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[Fantastic Fest] Masking Threshold: A True Macro Exploration of Existential, Ringing Madness

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Fantastic

If you want to feel what going insane is like without actually going insane, boy I have a movie for you. Masking Threshold by Johannes Grenzfurthner is incredible, nauseating, sick, depraved and one-hundred percent directly in your face. That being said, you know damn well, we loved it to death.

Masking Threshold tells the story of a bored, skeptic IT professional who decides to lock himself in his apartment. He does so in order to conduct a study to figure out why he has tinnitus or at least to discover the root of said hearing deficiency.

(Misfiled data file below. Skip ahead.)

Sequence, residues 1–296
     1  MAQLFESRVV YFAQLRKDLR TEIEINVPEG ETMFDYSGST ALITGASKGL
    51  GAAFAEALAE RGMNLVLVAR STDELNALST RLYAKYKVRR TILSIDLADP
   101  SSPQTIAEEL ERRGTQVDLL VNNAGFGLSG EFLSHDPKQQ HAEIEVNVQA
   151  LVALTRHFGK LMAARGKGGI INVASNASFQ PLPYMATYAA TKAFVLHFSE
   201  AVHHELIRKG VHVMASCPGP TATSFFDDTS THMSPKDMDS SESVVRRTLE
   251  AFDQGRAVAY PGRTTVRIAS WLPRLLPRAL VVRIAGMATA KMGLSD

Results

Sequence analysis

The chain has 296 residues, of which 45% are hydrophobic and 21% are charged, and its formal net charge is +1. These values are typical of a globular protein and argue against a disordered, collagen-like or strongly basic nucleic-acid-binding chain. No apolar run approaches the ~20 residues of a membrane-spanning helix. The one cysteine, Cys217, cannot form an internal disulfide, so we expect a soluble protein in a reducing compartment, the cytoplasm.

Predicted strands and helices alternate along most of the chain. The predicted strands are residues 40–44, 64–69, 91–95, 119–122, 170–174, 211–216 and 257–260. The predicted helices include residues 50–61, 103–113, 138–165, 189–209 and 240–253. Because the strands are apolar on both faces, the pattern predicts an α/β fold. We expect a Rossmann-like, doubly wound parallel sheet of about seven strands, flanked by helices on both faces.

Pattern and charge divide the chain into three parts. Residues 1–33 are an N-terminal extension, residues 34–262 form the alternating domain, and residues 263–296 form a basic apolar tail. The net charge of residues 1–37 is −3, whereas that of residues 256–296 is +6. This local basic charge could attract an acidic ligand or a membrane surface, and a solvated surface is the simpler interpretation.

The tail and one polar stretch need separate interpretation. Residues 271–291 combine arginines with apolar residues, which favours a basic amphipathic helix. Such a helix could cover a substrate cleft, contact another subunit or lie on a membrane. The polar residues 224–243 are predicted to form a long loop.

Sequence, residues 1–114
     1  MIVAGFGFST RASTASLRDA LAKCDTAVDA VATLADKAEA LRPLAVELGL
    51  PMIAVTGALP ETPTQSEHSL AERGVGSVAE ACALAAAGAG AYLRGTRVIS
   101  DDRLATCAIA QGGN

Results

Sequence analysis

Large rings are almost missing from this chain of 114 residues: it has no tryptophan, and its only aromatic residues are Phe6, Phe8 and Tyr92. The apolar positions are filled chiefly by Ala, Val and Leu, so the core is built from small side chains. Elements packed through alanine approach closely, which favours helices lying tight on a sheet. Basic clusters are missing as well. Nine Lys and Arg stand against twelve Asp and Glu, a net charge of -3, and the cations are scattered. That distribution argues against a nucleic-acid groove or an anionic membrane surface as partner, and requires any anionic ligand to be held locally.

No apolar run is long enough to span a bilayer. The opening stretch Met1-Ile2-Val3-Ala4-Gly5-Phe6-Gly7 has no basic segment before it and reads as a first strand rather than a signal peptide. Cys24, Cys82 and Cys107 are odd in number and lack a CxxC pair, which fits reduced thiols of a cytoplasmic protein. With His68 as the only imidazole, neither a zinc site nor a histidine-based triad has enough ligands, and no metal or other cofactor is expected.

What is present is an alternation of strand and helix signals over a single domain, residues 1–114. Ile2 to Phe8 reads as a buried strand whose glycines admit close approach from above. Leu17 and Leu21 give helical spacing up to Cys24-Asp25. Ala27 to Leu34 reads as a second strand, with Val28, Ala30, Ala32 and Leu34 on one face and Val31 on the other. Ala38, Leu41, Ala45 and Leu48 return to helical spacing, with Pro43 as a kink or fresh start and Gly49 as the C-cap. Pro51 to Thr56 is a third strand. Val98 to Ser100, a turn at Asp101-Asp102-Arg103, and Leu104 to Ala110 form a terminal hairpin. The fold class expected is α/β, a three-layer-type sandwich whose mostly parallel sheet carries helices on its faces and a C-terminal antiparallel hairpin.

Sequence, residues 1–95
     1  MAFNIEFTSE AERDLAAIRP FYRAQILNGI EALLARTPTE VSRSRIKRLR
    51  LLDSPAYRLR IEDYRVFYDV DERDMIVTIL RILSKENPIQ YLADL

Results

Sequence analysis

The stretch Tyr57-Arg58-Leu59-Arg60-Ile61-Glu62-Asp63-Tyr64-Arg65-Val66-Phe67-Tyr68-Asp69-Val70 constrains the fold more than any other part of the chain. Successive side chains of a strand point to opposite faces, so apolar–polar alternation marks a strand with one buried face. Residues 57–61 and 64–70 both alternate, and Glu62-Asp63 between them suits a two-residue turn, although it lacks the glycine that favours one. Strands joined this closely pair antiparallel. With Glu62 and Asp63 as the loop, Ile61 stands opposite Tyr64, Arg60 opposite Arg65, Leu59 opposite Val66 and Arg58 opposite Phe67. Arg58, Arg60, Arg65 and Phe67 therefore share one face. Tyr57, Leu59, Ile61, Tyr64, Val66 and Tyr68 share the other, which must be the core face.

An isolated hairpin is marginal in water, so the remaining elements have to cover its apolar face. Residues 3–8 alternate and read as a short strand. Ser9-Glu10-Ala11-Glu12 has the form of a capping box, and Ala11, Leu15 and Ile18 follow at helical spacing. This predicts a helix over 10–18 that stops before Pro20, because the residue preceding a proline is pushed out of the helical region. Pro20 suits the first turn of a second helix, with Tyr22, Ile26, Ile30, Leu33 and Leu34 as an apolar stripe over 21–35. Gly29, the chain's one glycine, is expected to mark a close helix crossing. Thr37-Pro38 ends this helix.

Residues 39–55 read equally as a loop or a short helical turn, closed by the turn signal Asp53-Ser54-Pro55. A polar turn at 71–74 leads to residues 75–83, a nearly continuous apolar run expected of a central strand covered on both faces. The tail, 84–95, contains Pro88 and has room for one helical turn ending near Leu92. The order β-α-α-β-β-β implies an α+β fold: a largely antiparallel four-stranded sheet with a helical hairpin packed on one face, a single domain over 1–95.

The film’s intro is the subject going over the equipment that he will use to film his experiments for some sort of quantifiable truth. The filming equipment is primarily made up of macro-lenses. Basically, anything you see here are the tools that are used to lead us down the path of madness.

These lenses are the true horror of the film. We as an audience are locked in this room with him and this incredibly tight focus. So, the entire runtime of the film is maddeningly a series of beautifully harrowing shots that are from an entirely macro perspective.

Along with the macro turn, we also have a keen sense of audio throughout. Since this is a study on tinnitus, we are thrown into a world where all sounds are amplified and the maddening ring, hum and ping of tinnitus is constant and fluctuating.